Before I’m an audiophile I’m a music nut with a thirst for tunes new and old. In the 25 years since The The’s Infected first blew my adolescent hair back, that thirst has never run dry. Not once.
I dabbled a little in the world vinyl before CDs took hold of the market place in the late eighties. CDs remained my preferred format until dropping $800 – yes, eight large – on my first iPod in 2002 and three years after that, a music server.
Prior to a private MP3 (and FLAC) revolution, fresh CD releases from the likes of Grant Lee Buffalo, Suede and John Digweed saw me battle UK weather (mostly rain) to get to my local record store each Monday morning.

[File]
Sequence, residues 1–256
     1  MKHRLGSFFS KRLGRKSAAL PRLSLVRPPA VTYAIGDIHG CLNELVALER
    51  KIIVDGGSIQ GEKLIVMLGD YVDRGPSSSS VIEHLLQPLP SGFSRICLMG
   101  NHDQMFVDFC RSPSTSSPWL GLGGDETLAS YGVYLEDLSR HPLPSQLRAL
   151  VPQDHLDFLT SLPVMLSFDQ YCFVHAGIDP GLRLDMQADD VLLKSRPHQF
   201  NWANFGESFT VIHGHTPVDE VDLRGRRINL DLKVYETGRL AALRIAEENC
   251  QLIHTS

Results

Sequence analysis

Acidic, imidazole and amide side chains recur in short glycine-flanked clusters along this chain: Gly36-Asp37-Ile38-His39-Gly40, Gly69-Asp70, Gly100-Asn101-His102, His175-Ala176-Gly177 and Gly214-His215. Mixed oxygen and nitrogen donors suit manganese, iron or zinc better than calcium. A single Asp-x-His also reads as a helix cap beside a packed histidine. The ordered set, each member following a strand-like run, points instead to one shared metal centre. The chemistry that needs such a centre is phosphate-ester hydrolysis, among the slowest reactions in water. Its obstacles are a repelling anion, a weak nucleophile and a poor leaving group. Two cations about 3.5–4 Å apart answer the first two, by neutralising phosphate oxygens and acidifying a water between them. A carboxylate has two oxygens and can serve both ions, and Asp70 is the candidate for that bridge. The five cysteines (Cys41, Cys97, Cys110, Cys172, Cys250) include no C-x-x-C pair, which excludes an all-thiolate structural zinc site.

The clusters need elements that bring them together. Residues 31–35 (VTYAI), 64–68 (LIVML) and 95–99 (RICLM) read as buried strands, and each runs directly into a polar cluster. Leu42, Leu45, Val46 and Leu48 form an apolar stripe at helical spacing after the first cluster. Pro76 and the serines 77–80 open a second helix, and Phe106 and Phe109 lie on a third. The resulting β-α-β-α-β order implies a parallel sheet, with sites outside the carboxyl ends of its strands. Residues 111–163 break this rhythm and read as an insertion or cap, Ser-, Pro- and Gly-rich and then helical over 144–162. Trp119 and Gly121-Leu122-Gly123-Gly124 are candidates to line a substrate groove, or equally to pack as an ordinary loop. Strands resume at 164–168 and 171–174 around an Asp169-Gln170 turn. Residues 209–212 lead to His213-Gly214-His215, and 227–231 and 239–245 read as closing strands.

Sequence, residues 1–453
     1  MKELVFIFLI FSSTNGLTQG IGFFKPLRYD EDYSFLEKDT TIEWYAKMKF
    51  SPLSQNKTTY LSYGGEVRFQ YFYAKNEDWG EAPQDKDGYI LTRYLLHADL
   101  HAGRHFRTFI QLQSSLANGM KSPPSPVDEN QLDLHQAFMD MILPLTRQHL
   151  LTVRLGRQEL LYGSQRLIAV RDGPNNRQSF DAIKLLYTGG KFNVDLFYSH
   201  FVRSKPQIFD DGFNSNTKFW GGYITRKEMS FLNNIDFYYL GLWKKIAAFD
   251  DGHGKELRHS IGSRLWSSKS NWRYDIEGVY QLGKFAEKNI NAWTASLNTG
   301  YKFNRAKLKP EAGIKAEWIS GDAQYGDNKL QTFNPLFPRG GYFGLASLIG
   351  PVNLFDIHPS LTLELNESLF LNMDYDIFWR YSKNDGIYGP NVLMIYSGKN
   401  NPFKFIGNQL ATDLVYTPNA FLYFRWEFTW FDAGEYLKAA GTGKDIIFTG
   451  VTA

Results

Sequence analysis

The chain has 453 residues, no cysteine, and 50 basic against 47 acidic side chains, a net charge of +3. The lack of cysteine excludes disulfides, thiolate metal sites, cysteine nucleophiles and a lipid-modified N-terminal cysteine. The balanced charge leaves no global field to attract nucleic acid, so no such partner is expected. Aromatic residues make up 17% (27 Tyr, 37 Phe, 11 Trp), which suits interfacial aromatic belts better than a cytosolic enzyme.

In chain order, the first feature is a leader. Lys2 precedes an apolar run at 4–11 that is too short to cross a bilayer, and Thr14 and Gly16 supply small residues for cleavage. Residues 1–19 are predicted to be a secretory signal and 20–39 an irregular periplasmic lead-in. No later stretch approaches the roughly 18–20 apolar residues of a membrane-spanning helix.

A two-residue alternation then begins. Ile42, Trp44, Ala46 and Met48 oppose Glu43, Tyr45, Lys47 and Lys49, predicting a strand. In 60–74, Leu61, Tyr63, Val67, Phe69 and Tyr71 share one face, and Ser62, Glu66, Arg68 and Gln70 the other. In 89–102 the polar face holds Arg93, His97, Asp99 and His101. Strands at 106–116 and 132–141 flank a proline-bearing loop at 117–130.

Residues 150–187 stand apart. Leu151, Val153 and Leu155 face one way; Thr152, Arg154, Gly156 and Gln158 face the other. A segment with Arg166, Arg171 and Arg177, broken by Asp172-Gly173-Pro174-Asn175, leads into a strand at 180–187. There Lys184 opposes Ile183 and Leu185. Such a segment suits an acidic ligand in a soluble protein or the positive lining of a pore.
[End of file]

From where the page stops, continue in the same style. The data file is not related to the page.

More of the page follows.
My music taste expanded as it evolved. In the nineties I starting signing cheques for large chunks of back catalogue releases from Genesis, Richard Thompson and Bob Dylan. There was so much to explore but CDs didn’t come cheap. Like many a music fan, I looked beyond the financial hardship of dropping well over £100 per week on those shiny silver discs, often sending personal finances into the red. My personal sacrifice was to forego the pub (mostly), drink cheap Spanish wine and eat pasta and sauce every night for a month. My waistline suffered only a little.
By the turn of the millennium I’d amassed a collection of 10,000 CDs that occupied up an entire wall of my apartment. Financial burden aside, it was a thing of beauty but also beast that demanded constant feeding.
Down under, the expense of buying CDs continued well into the noughties until the middle of the decade when I began selling off large chunks long since neglected. Times change, people change. In 2005 was a time when rare electronica would fetch good money on eBay.